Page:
Your vehicle has been issued a safety and defect recall. Now what? Learn about crucial next steps to determine your car’s risks and cost of repairs
When the word “recall” is used on the news in relation to a well known auto manufacturer, a national panic seems to ripple across the country. Vehicle recalls make people feel like their safety has been compromised. Afterall, shouldn’t people be able to control their own vehicles? And while we know media outlets sometimes blow stories out of proportion, a recall story certainly gets our attention. Drivers need to know: How do I know if my car has been issued a recall? How do I know if my recall is serious or just a minor fix? How long can I wait before bringing my vehicle back to the dealership?
Vehicle recalls are actually quite common. The National Highway Traffic Safety Administration (NHTSA) reports that there have been 390 million vehicle, 46 million tire, 66 million equipment pieces, and 42 million child safety seat recalls since 1966. Even though all of these recalls weren’t life threatening, the statistics are still shocking.
Whether a recall is initiated due to a minor problem or something more serious the vehicle’s manufacturer will send car owners a letter or email informing them of the appropriate repairs and installations that can be done at a dealership free of charge. The letter should include:
If you have not yet been notified of a recall, you can search for all existing recalls using your vehicle’s make and model at recalls.gov. If you’re interested in searching current and past recall investigations, the NHTSA has an online Investigation Search Engine.
If you notice a defect in your vehicle and aren’t able to find an open investigation from the sources above, you can report your observations to the NHTSA department known as The Office of Defects Investigation (ODI). They specifically look into consumer complaints and issue a recall if they’re found to be true.
Defects pose a risk to passengers of the vehicle. To be considered a recall these defects must occur in a group of vehicles or equipment from the same manufacturer. Safety related defects include, but are not limited to:
Your recall notice will provide an estimated repair time. While most recall services are handled quickly, if the extent of the recall includes significant repairs then there could be a week or month long waiting list on the dealership's schedule. Even though a dealership should alert you when replacement parts become available, you can be one step ahead of them by making an appointment with their service manager over the phone.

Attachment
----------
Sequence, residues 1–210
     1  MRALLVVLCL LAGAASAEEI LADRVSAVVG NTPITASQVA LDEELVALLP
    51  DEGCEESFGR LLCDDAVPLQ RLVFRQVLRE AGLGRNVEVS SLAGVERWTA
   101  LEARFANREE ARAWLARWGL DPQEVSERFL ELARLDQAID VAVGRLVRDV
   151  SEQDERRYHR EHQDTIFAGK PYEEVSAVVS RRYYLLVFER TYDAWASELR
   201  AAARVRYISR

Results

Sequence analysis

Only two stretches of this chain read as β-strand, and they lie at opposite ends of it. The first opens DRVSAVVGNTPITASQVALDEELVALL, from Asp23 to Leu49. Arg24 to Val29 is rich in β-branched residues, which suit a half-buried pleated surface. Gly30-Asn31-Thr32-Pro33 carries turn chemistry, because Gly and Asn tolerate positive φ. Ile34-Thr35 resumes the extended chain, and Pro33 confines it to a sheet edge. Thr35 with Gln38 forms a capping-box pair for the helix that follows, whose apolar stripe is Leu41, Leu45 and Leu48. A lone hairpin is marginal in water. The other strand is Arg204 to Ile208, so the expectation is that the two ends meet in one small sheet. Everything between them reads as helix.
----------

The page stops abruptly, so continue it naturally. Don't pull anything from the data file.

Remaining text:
Many of us heavily depend on our cars to get us to work, school, appointments, etc. So when there’s a long wait before you can receive service, it’s tempting to simply continue to drive our recalled vehicles until we can be seen by the dealership. But how do you know if your recalled vehicle is too dangerous to drive? Should you park your car until it has been repaired? It’s up to you to read the recall notification very closely for these answers.
You’re responsible for bringing your car to the dealership for service. If you choose not to fix the faulty parts, you could be driving around with a dangerous vehicle or mechanical piece. If you ignored a recall that then lead to a car accident, your auto insurance carrier could deny your claim due to negligence.
If the recall involves important items like acceleration, brakes, steering, suspension, or fuel systems then you should consider it a risk to drive. In rare instances, your recall notice will tell you to stop driving the vehicle immediately. In this case you should have your car towed to the dealership and you’ll be given a loaner until repairs are made.
Minor recall defects are more of an inconvenience than an immediate danger and could possibly wait until the dealer has an opening. However, if you’re not sure how to determine the risk yourself,call your dealer.
Usually automakers cover the complete cost of your repairs. However, there are some exceptions depending on the age of your vehicle. Your car can’t be more than 10 years old when the defect is reported. The age of the vehicle is determined by the date of sale to the original buyer. If your vehicle is more than 10 years old when you’re issued a recall notice, you will be responsible for the cost of repairs. Even though this seems unfair, automakers believe that if the vehicle has been on the road for that long before the recall, then the defects wouldn’t severely impact your safety.